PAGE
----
Dr. Sellers has received significant recognition for his research and teaching. He is a past President of the Society for the Psychological Study of Ethnic Minority Issues (Division 45 of the American Psychological Association). He is a fellow of Division 8 (Society for Personality and Social Psychology) and Division 45 (Society for the Psychological Study of Culture, Ethnicity, and Race) of the American Psychological Association as well as a fellow of the Association for Psychological Science. He also won numerous honors and awards including the Theodore Millon Mid-Career Award in Personality Psychology from the American Psychological Foundation, the American Psychological Association Minority Fellowship Program Research Achievement Award, and the APAGS Kenneth & Mamie Clark Award for Outstanding Contribution to the Professional Development of Ethnic Minority Graduate Students.
At TIAA since 2006, Corie Pauling became the organization’s Senior Vice President, Chief Inclusion & Diversity (I&D) Officer, and Head of Corporate Social Responsibility in 2018. Corie was instrumental in the launch of the I&D function at TIAA over ten years ago and served as a primary legal and business advisor and thought leader in this area. In her prior role, Corie held the position of Senior Director, Associate General Counsel in the Employment, Benefits & Labor Law Group, providing trusted counsel to TIAA’s executives, its prior I&D leaders and other Human Resources leaders and also business managers on a broad range of workforce issues, and she also managed employment litigation nationally. In the I&D space, she has extensive experience in strategy development, board interface, EEO policy, training/learning, I&D data analytics/metrics, supplier diversity, pay and performance equity, talent acquisition and engagement, employee/business resource groups, federal contractor compliance, and workplace investigations. She also leads the TIAA enterprise’s Corporate Social Responsibility function, which last year led over 230 volunteer projects, 10K employee volunteers, and $11M in corporate and workforce giving, globally. Corie also led the Culture Action Team for TIAA’s Law area from 2016-2018.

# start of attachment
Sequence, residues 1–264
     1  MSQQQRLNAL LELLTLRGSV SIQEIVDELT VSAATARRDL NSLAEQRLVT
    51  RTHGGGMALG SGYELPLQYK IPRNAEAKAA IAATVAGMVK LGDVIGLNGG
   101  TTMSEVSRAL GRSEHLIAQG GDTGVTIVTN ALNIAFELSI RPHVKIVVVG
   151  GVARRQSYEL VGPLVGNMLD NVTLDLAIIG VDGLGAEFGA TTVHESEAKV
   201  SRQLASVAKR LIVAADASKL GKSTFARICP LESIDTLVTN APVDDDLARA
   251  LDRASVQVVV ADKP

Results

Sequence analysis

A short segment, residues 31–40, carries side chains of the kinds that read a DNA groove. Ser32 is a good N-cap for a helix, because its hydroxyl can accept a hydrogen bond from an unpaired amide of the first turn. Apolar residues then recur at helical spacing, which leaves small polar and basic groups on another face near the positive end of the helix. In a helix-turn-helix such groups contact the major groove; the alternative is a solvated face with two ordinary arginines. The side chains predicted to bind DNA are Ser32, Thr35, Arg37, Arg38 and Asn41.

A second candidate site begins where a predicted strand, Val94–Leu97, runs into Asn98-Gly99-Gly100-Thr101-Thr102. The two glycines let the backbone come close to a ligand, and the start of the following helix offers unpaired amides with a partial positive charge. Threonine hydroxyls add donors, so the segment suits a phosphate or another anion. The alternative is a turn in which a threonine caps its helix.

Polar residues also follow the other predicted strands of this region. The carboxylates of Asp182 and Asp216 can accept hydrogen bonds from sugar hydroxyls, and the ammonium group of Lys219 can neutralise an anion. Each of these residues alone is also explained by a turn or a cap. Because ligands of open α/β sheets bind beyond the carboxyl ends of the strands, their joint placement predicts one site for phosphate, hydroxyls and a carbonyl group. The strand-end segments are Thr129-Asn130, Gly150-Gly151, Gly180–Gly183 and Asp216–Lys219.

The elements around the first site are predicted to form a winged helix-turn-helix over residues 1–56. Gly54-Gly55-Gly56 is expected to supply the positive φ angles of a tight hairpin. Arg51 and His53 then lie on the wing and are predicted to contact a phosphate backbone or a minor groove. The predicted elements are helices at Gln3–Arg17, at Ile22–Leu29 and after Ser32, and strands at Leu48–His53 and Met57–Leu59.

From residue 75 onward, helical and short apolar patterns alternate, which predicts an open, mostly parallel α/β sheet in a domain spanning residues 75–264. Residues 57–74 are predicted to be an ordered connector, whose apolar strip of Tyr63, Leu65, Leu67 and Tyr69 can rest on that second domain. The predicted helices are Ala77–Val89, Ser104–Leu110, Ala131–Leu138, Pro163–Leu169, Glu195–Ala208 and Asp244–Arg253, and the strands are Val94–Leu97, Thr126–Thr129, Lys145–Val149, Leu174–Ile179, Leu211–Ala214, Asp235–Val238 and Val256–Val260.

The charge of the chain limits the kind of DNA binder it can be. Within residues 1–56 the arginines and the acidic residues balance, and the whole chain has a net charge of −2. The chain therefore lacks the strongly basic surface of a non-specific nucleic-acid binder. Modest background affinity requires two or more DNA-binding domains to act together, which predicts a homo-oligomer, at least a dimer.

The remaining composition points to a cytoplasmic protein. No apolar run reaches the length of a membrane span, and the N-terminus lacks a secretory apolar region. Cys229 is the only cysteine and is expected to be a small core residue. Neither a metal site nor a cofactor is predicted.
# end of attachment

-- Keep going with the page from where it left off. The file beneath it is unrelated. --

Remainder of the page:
A former shareholder with the international employment law firm Littler Mendelson, P.C. and also a former partner with the legendary civil rights law firm Ferguson Stein Chambers, Corie’s experience includes counseling financial services institutions and other Fortune 500 companies as well as representing individual employees in employment and education rights litigation. She has significant trial and appellate experience on civil rights matters. Having presented before the American Bar Association, the National Bar Association, the North Carolina Bar Association, the Practicing Law Institute, the Society of Human Resources Management and other organizations, Corie frequently speaks at programs on emerging employment law, diversity, equity, and inclusion topics.